The Puckeridge Hounds
Photograph by Miss Ann Houblon, Hallingbury Place, Bishops Stortford
(The Badminton Magazine, ?, 1904)
The Puckeridge Hunt
Hertfordshire Countryside, Summer, 1946
THE Puckeridge Hunt had its origin in a pack of foxhounds (probably one of the first half-dozen packs organised for the chase of the fox, as opposed to that of the deer or the hare) established about 1725 by the Calverts, that very powerful Hertfordshire family of whom it was said, untruthfully but with some justification, that they could walk from Furneux Pelham to Hunsdon on their own land. These hounds became a subscription pack in 1794 and the Calverts retired, much beloved, from active management in 1799, although two members of the family remained as Joint-Masters until 1826.
Mr. Sampson Hanbury, of Poles, a genial brewer, became Master in 1799 and, though he suffered indifferent huntsmen for too long, he founded a tradition of fine sport and careful hound-breeding which has been amply maintained by his successors in office. He resigned in 1832 and Lord Petre, a visitor from the other side of Essex, took the mastership but, not being used to a subscription pack, soon left. In 1835 Mr. Dalyell, a native of Fife, was made Master, but quarrelled with the local farmers and also stayed for only three years.
Nicholas Parry, a Wonderful Sportsman
Eventually, in 1838, the country wisely chose a Master from within its own borders - Mr. Nicholas Parry, of Little Hadham. This wonderful sportsman, who was aged forty-two when he took the hounds, held the mastership for thirty-seven years, until 1875. He was not a rich man tradition states that he never gave a farm-labourer more than sixpence for any small service performed in the hunting field - and his establishment was run on most economical lines. But like Mr. Hanbury, he was a great hound-breeder and, unlike him, a fine judge of a huntservant.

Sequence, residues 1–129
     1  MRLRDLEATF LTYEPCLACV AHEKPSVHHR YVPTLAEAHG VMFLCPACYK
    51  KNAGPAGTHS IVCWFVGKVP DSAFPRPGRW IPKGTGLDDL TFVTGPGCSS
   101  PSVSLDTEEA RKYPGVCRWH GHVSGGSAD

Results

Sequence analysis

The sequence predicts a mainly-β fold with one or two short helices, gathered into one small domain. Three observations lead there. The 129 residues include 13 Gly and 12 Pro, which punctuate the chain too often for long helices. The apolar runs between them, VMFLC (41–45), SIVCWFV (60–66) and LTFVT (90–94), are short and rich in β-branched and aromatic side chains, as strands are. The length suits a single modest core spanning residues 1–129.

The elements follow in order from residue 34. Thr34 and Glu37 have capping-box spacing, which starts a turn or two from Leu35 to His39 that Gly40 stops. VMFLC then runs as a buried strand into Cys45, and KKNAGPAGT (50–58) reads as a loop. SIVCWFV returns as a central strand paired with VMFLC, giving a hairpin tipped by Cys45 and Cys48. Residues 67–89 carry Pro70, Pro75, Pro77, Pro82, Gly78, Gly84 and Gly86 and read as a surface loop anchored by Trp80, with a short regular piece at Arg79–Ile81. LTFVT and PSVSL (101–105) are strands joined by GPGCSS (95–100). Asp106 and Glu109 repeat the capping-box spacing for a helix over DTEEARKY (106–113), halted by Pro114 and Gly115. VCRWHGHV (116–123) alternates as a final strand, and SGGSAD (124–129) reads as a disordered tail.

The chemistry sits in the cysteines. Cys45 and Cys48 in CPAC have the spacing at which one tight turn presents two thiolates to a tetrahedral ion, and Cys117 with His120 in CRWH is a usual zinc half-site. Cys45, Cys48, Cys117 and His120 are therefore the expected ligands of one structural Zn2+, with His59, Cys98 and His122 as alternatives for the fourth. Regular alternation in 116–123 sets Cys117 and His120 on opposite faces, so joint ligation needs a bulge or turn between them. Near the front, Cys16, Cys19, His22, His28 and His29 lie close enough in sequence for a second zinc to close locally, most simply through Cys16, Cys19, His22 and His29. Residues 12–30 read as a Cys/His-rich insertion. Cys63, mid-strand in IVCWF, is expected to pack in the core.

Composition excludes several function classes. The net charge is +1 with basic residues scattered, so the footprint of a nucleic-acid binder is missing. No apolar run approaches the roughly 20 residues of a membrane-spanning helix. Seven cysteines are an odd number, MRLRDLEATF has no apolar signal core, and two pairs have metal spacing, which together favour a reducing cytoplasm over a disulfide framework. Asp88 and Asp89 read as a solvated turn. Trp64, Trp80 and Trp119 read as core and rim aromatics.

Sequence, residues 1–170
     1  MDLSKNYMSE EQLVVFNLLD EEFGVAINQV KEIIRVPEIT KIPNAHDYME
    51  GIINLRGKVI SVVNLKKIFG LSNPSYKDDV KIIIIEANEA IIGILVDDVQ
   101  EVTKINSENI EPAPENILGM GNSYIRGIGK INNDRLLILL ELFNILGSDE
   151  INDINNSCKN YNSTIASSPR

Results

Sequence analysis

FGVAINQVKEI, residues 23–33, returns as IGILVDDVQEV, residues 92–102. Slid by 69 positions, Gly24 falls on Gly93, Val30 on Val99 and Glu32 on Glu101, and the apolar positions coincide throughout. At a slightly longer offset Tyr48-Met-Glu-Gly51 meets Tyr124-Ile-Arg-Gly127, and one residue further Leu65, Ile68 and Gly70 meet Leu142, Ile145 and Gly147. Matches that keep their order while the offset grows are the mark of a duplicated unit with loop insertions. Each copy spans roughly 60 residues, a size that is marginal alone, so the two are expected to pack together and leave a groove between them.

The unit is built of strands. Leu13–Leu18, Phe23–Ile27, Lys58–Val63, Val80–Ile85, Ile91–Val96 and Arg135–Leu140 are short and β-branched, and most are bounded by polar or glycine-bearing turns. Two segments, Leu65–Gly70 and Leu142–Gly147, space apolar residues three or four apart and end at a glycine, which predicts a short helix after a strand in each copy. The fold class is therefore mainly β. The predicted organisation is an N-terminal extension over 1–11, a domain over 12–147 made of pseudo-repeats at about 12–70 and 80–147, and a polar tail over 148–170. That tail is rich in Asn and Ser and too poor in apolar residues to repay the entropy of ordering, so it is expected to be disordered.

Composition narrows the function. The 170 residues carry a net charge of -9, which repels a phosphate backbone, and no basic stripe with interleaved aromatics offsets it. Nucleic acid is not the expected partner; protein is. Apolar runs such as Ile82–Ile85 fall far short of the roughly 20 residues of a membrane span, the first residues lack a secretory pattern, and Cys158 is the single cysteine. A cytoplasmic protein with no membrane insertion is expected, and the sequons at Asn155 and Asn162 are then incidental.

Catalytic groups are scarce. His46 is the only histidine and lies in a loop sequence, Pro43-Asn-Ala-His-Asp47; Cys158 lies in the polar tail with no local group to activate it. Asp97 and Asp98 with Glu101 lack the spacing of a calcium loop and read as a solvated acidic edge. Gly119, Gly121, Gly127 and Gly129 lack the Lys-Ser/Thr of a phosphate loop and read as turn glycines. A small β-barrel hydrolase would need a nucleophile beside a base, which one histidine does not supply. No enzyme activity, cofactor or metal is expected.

His first huntsman, Dick Simpson (1838-51), a quick little Yorkshireman, showed such sport as has never been recorded in the Puckeridge country either before or since. In his first season, on Dec6mber 1st, 1838, he found a fox at Broadfield, close to Cottered, and killed him at Sandy Warren, having made a fourteen mile point in two hours and a quarter. On March 18th, 1840, he found a fox at Oak Wood (near Sewards End, but now grubbed up) and hunted him n6arly to Halstead, killing him in the parish of Wethersfield after making another fourteen mile point. In those days faxes were few and traveJied far. Dick Simpson had, by our standards, a large number of blank days but, unhampered oy railways, main roads, wire or artificial manures, he killed a large proportion of the faxes found and killed them after fine hunts.
Mr. Parry was succeeded as Master by Mr. Robert Gosling, of Hassobury, father of some of the most loyal Puckeridge supporters of all time. He, also a most knowledgeable foxhunter and a great hound-breeder, hunted the whole country from 1875 to 1885 and a part of it from 1885 to 1890, From 1885 to 1894 there were two rival packs hunting th6 country - an unhappy state of affairs which was ended at last by the appointment to hunt the whole country of tile Hon. L. J, Bathurst, who had already been Master of the Exmoor as a " rusticated " Oxford undergraduate.
The article continues with the a long section on Mr Edward Barclay (master from 1896 to 1946) and details of great hunts of recent years
The Puckeridge Hunt Home Page
The Puckeridge Hunt (Wikipedia)
The Puckeridge Hunt by M.F. (Hertfordshire Countryside, Summer 1946)
A History of the Puckeridge Hunt, by Michael F. Berry, 1950
Portrait of a Hunt: Puckeridge and Newmarket & Thurlow, by Michael Brander